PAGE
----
In fact, while Saint Francis and Saint Klook and their dedicated disciples were making consecrated ground of that particular patch of Soho, nobody slept much anywhere.
Each night, at the end of the second set, when the final, blasting sforzando chord of ‘Sax No End’ was eddying away through the lamplit smoke-haze, that antique cliche of show business came readily to the lips: ‘Follow that!’.
This is a band of such immense spirit and guts that its faults pale into insignificance. The critic, incredulously savouring the almost forgotten thrill of excitement, puts away his dissecting knife and reaches for the superlatives.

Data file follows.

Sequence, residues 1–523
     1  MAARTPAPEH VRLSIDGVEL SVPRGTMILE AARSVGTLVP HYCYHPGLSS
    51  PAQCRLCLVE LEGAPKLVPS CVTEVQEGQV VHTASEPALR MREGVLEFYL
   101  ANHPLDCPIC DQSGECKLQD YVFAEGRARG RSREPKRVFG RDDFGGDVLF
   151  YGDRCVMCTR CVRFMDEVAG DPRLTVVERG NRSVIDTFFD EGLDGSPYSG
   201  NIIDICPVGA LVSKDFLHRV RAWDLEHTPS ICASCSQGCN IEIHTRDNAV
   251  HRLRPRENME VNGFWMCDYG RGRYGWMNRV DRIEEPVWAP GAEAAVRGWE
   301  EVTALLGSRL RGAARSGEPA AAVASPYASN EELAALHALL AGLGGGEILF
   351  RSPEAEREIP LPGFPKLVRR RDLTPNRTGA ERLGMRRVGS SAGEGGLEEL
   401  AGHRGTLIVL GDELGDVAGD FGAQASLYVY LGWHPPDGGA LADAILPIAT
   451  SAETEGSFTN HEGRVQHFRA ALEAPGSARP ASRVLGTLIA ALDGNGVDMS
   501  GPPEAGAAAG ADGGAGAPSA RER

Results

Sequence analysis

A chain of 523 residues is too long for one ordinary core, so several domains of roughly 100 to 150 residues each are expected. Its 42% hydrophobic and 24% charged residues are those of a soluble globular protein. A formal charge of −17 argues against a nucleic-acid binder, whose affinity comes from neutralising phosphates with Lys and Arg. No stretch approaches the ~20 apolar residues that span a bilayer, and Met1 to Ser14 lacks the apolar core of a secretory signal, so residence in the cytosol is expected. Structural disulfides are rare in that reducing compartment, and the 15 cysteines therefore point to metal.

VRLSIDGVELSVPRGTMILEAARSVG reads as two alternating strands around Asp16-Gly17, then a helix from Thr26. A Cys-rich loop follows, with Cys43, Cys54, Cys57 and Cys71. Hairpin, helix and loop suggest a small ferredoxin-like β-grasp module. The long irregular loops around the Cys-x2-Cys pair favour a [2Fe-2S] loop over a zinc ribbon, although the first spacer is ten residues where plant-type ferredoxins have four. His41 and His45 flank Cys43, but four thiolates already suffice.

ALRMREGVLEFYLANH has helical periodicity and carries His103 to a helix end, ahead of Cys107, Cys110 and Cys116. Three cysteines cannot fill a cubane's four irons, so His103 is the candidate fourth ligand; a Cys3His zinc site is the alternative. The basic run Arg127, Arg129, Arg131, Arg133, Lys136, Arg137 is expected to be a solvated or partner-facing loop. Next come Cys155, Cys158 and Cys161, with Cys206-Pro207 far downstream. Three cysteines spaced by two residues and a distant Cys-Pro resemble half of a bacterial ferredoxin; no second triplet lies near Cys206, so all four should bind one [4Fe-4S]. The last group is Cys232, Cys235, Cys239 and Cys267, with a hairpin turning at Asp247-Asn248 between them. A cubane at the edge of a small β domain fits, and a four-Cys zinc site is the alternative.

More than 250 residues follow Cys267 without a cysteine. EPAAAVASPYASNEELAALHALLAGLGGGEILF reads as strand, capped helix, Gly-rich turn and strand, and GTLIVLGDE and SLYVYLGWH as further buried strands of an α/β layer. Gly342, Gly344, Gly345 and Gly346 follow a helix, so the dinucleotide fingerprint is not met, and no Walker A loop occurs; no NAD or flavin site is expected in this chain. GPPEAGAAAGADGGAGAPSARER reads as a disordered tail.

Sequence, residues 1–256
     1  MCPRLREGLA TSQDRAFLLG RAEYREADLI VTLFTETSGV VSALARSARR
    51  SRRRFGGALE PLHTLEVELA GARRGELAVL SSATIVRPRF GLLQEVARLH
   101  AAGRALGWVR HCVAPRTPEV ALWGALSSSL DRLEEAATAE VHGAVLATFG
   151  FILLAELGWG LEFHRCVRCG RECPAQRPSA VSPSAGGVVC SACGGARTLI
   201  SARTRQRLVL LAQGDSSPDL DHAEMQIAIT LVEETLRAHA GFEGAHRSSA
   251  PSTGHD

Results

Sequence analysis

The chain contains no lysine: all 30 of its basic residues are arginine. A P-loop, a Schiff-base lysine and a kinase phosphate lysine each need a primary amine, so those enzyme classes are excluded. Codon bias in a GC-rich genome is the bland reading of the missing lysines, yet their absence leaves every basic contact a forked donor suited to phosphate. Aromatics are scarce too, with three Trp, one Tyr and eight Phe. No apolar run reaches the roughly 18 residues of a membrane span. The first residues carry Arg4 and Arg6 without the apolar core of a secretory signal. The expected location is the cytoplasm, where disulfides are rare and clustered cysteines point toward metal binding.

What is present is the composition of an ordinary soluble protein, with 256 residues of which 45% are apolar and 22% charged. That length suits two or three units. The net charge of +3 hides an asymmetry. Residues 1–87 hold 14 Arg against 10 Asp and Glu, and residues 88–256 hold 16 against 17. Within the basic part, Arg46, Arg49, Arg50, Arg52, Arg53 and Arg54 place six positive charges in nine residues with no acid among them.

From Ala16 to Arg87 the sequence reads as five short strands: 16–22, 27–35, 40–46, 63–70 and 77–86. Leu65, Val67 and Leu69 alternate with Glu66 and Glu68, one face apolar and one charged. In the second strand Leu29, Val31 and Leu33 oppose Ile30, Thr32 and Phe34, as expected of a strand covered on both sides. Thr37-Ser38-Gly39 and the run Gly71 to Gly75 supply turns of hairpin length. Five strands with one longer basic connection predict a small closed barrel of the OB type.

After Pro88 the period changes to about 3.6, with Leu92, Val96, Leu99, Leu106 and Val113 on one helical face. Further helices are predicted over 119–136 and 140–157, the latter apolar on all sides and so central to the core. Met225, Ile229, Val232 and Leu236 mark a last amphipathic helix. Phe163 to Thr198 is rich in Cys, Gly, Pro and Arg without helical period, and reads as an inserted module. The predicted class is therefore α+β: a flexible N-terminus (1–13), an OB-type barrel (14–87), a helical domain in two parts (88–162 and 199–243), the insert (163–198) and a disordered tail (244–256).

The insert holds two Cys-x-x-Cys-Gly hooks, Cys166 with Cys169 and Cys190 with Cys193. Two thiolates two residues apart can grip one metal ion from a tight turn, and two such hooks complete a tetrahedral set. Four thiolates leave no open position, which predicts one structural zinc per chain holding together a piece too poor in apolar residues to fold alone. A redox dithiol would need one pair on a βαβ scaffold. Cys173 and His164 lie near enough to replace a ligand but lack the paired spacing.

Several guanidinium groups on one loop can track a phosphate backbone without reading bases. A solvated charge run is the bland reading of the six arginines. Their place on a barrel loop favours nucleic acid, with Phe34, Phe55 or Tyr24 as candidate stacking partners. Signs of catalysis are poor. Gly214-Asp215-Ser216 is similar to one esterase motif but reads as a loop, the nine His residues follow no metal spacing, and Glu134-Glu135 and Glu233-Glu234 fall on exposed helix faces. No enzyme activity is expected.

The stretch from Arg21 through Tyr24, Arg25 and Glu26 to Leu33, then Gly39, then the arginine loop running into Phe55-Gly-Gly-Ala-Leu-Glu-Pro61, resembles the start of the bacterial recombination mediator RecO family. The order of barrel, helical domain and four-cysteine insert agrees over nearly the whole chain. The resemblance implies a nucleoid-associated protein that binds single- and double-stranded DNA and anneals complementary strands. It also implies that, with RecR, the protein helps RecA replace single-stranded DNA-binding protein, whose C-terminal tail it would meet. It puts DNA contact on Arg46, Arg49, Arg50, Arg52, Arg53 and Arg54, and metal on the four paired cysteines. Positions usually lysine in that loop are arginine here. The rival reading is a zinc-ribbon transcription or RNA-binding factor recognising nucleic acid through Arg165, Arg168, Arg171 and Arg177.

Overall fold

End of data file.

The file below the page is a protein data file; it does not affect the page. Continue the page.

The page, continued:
So let’s strike some commemorative medals to mark the occasion:
For the sinuous tapestry of the saxophones, the mellow authority of the
trombones, the steeple-scaling audacity of the trumpets and the irresistible propulsion and non-competitive rapport of Kenny Clarke and Kenny Clare.
For Francy Boland’s belief that swing’s the thing.
For Kenny Clarke’s 1,000 candlepower grin.
For the splintering lead trumpet of Benny Bailey and the superb lead alto of Derek
For Ake Persson, whose ‘Sweden Lovely’ trombone sound is as smoothly
articulate and authoritative as he himself is when he talks about his favourite subject – the Clarke-Boland Big Band.
For Johnny Griffin’s nightly response to the question, ‘How are you feeling?’
(I’m higher than, a mother-lover’ or something to that effect).
For the cottage-loaf chops of Idrees Sulieman as he blew a storm on ‘Box 703’.